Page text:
The three weeks since Britain identified the men suspected of poisoning former double agent Sergei Skripal have been miserable ones for Russia’s intelligence agencies.
First came the RT interview and Alexander Petrov and Roman Boshirov’s much-ridiculed cover story. Few in Russia, let alone the west, believed the fable of two supposedly gay men, drawn to a sleepy English town by a gothic cathedral and its 123m spire.
Things got worse once open-source sleuths like Bellingcat and The Insider got to work. Their investigations revealed that the classified passport details of the two men led directly back to the country’s military intelligence service (GRU). What was more, several dozen GRU agents appeared to been issued passports in numerical sequence. It was enough to check travel records to identify probable intelligence officers. Some publications have already begun to do so, with largely unclear legal consequences.
On Tuesday, however, Russia’s security agency, the FSB, appeared to be making a belated effort to limit the fallout. According to the Rosbalt information agency, agents had begun to conduct urgent searches at the Interior Ministry – the source, they believe, of the passport information that found its way to Bellingcat.
Bellingcat’s founder Eliot Higgins told The Independent that the reaction “spoke to the authenticity of the material” they had published.
“Russian officials try to attack Bellingcat’s work publicly, but privately it appears they’re taking it far more seriously,” he said.
Immigration and passport data have always been fairly easy to access illicitly from vendors at certain city markets or via online agencies. One detective agency, still accessible online at the time of writing, offers data from the official Rospasport (passport) and Peremescheniye (cross-border travel) databases. Detailed phone records are available to those even more curious. Prices range from 5,000 to 40,000 roubles (£58 to £462), with discounts of up to 40 per cent for “especially loyal customers”.
Up to now, Russia’s security services have not made any serious attempt to close down the data black market. This is despite its proven role in the criminal underworld and in providing intelligence for the murders of prominent public figures like Boris Nemtsov.
But that may now be changing. Emailed requests for more information, sent by The Independent to several agencies, went unanswered by the time this article went to print.
According to a security agency source quoted in the Rosbalt report, the Interior Ministry officials who leaked the information may not have been aware of the nature of the documents they were selling. It was a simple “transaction”, he said. Nonetheless, “serious consequences” awaited those who had allowed such a leak.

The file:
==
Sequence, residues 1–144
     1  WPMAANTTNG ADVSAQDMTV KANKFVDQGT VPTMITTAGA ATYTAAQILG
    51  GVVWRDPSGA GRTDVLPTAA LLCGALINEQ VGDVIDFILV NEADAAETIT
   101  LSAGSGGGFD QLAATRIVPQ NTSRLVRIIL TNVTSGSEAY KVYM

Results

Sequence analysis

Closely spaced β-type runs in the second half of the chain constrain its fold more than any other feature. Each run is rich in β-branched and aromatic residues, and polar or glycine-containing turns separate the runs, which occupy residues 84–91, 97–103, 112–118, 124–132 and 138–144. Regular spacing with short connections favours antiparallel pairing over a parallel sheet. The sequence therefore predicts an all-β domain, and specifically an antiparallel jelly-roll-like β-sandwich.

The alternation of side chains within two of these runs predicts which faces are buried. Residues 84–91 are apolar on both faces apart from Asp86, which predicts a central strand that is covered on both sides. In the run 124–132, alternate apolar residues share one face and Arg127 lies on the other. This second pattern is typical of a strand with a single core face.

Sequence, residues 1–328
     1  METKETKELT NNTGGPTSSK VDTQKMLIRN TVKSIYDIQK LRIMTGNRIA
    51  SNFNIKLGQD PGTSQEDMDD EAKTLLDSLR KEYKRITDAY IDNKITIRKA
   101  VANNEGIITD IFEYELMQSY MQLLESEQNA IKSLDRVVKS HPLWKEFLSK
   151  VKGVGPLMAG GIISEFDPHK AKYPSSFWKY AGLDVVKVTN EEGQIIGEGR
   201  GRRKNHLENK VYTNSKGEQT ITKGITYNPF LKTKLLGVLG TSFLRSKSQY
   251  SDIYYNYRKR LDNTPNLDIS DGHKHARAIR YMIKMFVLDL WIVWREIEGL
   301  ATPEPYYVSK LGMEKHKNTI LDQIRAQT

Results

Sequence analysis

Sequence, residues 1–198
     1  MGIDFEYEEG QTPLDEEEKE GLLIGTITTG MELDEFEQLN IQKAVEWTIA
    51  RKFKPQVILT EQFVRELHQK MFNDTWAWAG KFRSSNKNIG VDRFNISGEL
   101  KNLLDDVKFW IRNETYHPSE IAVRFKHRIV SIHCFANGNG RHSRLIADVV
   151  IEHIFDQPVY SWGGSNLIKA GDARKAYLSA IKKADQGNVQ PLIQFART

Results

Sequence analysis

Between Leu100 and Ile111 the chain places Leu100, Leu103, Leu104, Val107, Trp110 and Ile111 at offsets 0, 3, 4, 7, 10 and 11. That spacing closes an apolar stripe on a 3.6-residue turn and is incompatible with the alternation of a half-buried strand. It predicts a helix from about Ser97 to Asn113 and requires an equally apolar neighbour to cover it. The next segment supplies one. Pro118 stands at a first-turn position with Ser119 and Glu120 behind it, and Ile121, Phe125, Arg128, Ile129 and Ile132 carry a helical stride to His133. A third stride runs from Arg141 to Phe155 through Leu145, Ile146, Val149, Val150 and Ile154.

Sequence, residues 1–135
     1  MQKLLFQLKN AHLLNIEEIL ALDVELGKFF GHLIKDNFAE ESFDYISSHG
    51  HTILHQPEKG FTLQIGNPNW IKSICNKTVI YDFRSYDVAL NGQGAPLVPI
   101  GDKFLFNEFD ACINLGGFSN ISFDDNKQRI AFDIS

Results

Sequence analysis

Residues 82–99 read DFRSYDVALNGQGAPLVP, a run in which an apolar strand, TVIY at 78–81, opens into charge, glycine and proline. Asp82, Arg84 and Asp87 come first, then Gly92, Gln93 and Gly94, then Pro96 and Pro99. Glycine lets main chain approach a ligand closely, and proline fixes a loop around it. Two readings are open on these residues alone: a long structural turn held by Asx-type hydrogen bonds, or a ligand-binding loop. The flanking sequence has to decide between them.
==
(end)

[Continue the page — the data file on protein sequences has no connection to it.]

While apparently confirming the passport application forms were genuine, the source also insisted that the conclusions being drawn by journalists about the Salisbury suspects were “fabrications” and “guesses”.
“You can turn any form upside down and turn any person into whoever you want them to be,” the source is reported as saying, “but the published information contained personal information that should not be in the public domain”.
The passport forms of Petrov and Boshirov contain no information beyond the date of passport application (2009), a “secret” stamp, a phone number apparently connected to the Ministry of Defence, and the number of a passport office (FMC 770001) known to be used by Russia’s security services.
So far, there is little sign of a crisis within Russia’s security establishment – despite the scale of the apparent blunders.
“Obviously they are worried about a whole series of reputational and organisational lapses, but there is definitely no sense of panic,” said Valery Solovei, professor at the Moscow State Institute of International Relations. “The mistakes they made talk of a system in degradation, though that was already clear 10 years ago when Litvinenko was killed.”
Gennady Gudkov, an opposition politician who worked in the KGB’s counter-espionage section between 1982 and 1993, told The Independent that he did not recall an intelligence blunder of this magnitude being committed before.
The issue was not so much a lack of professionalism, he said, as “moral and ethical decay” that had entered Russia’s security agencies since the 1990s.
Soviet agents had certainly carried out assassination missions in African countries, he said, but they “stopped short of attacking great powers”.
“Now, it seems that military intelligence is revelling in ever more crazy operations – and it is doing so with the understanding they have the approval of those at the very top.”
Mr Gudkov said he still found it difficult to understand how Vladimir Putin could have given a green light to this specific operation. But there was a still case to be answered.
“In any normal country, a disgrace like this would trigger a full parliamentary inquiry,” he said.
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